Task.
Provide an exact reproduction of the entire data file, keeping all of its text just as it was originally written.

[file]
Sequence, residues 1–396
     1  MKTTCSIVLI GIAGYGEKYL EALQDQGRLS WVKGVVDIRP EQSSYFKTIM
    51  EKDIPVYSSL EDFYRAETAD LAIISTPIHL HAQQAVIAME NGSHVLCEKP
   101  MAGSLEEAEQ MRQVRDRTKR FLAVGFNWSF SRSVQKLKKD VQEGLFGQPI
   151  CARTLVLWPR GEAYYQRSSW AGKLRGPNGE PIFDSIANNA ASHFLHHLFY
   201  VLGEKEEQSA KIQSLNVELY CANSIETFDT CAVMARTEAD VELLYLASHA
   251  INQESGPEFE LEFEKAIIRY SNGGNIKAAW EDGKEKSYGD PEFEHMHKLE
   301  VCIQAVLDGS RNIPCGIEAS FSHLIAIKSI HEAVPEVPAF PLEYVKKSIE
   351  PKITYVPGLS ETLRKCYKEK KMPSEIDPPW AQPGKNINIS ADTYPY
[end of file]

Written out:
Sequence, residues 1–396
     1  MKTTCSIVLI GIAGYGEKYL EALQDQGRLS WVKGVVDIRP EQSSYFKTIM
    51  EKDIPVYSSL EDFYRAETAD LAIISTPIHL HAQQAVIAME NGSHVLCEKP
   101  MAGSLEEAEQ MRQVRDRTKR FLAVGFNWSF SRSVQKLKKD VQEGLFGQPI
   151  CARTLVLWPR GEAYYQRSSW AGKLRGPNGE PIFDSIANNA ASHFLHHLFY
   201  VLGEKEEQSA KIQSLNVELY CANSIETFDT CAVMARTEAD VELLYLASHA
   251  INQESGPEFE LEFEKAIIRY SNGGNIKAAW EDGKEKSYGD PEFEHMHKLE
   301  VCIQAVLDGS RNIPCGIEAS FSHLIAIKSI HEAVPEVPAF PLEYVKKSIE
   351  PKITYVPGLS ETLRKCYKEK KMPSEIDPPW AQPGKNINIS ADTYPY